Parliamentary action to preserve the Intermediate Nuclear Forces (INF) Treaty

Photo: Presidents Reagan and Gorbachev sign the INF Treaty in 1987

On October 20, 2018, U.S. President Trump announced his intent to withdraw the United States from the Intermediate-Range Nuclear Forces (INF) Treaty.

Legislators in the U.S and Europe are taking action to save the INF and prevent a new nuclear arms race.

On October 20, 2018, U.S. President Trump announced his intent to withdraw the United States from the Intermediate-Range Nuclear Forces Treaty (INF), an historic agreement reached in 1987 between the United States and the Soviet Union to eliminate all of their nuclear and conventional ground-launched ballistic and cruise missiles with ranges of 500 to 5,500 kilometres, and to utilize extensive on-site inspections for verification of the agreement.

6 months notification is required for withdrawal from the treaty, so unless reversed, the U.S. decision to withdraw would take effect in late March 2019.

The unravelling of the INF Treaty could open the door to Russia and US developing and deploying new destabilising nuclear weapons, reducing the thresh-hold for nuclear-weapons-use and raising the risks of use by miscalculation or escalation in a conflict between them.

The U.S. decision follows a years-long U.S.-Russian dispute about whether the other side is violating the treaty.

The US alleges that Moscow has developed and deployed a prohibited missile, a ground-launched cruise missile (GLCM) having a range prohibited under the INF Treaty. The U.S. administration has also expressed concern that China, which is not a party to the INF Treaty, is gaining a military advantage in East Asia by deploying large numbers of treaty-noncompliant missiles.

Russia has denied violating the INF, and has responded with allegations that the US is in violation of the INF Treaty by deploying launching systems capable of firing cruise missiles. In addition, Russian President Vladimir Putin has warned that the U.S. plan to withdraw from the treaty could lead to a new arms race and that any nation that hosts U.S. intermediate-range missiles will “put their own territory under the threat of a possible counterstrike.”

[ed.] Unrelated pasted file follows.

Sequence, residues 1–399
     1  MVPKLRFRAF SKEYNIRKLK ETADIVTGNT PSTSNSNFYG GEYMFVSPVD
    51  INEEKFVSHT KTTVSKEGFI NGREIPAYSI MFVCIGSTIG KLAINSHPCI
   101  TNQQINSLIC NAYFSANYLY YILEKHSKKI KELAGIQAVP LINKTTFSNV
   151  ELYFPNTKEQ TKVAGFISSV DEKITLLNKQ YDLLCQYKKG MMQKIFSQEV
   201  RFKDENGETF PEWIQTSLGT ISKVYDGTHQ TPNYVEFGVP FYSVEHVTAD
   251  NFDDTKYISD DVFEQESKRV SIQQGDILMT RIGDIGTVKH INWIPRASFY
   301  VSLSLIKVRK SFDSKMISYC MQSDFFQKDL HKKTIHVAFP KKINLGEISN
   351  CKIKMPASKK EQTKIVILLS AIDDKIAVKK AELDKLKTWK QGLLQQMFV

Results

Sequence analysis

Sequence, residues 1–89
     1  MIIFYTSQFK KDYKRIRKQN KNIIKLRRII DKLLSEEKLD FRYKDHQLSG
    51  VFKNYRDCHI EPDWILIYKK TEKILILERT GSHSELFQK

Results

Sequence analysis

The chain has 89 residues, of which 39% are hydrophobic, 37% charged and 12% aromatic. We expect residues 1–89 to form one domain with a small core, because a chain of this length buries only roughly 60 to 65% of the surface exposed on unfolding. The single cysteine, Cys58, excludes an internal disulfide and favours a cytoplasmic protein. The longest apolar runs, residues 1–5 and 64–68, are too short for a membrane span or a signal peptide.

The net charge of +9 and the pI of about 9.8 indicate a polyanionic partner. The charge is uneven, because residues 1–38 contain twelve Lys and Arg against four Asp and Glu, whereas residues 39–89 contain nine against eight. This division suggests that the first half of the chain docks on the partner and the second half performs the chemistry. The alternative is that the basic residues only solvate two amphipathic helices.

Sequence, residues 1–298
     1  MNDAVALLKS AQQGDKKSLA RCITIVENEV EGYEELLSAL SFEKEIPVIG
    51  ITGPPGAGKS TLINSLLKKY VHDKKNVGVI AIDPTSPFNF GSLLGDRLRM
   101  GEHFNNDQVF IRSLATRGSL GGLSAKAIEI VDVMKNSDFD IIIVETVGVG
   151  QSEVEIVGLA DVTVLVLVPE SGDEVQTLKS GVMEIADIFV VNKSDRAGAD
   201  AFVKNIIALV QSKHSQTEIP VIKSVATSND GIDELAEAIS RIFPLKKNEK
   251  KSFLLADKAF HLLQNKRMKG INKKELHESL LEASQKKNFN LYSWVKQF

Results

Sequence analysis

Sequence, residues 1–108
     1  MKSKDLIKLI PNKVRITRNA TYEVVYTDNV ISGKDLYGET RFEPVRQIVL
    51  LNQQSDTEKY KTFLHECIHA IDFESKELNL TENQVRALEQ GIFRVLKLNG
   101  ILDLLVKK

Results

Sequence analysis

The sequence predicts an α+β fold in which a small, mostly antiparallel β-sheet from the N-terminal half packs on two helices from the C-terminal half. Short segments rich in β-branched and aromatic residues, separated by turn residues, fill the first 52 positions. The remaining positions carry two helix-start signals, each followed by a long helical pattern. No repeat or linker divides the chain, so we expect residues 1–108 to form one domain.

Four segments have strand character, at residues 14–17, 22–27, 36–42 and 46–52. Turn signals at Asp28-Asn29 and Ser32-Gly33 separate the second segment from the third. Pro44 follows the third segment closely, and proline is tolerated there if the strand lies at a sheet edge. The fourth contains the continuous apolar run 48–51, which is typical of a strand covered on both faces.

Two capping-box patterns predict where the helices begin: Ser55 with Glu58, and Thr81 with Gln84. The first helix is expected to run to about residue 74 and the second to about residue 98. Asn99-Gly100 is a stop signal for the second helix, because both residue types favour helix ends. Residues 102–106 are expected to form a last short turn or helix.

For further background see Trump to Withdraw U.S. From INF Treaty, Arms Control Association, November 2018).

US Congress and the INF Treaty

President Trump’s decision on the INF Treaty is proving controversial in the U.S. Congress.  Leading Democrats are concerned that President Trump’s decision was taken in order that the U.S. Administration could then develop new nuclear weapons systems currently prohibited under the INF, and that it would remove constraints on Russian nuclear weapons development and deployment.

Senator Markey speaking at the U.S. Senate Committee on Foreign Relations

“President Trump’s reckless decision to pull the U.S. out of the Intermediate-Range Nuclear Forces Treaty alienates us from our allies and risks returning us to the Cold War postures of yesterday,” said Senator Merkley. “A new nuclear arms race would be costly to our treasury and dangerous for the world. Congress must not fund new ground-launched or ballistic missiles that will fuel a dangerous arms race across the globe.

PNND Co-President Senator Markey, a leading member of the Senate Foreign Relations Committee, has joined with Senators Merkley, Warren, Gillibrand, Wyden, Feinstein and Sanders (Independent) in submitting S.3667 the Prevention of Arms Race Act of 2018, calling on the U.S. Administration to remain in the INF.

 “The U.S. Senate overwhelmingly ratified this seminal arms control agreement, which has strong bipartisan support," said Senator Markey. "The Trump administration has another thing coming if it thinks it can simply withdraw from this landmark treaty without a fight in Congress. Pulling out of the INF Treaty plays squarely into Russia’s hands while undermining America’s security and betraying our NATO allies.”

Without question, Russia is violating the INF Treaty," added Senator Markey. "American withdrawal will not increase our negotiating leverage, it only falls hook, line, and sinker for Putin’s predictable attempts to goad the United States into justifying Russian noncompliance. The Trump administration’s naïveté is surpassed only by its recklessness. It should instead work more closely with our NATO allies to force Russia back into compliance.”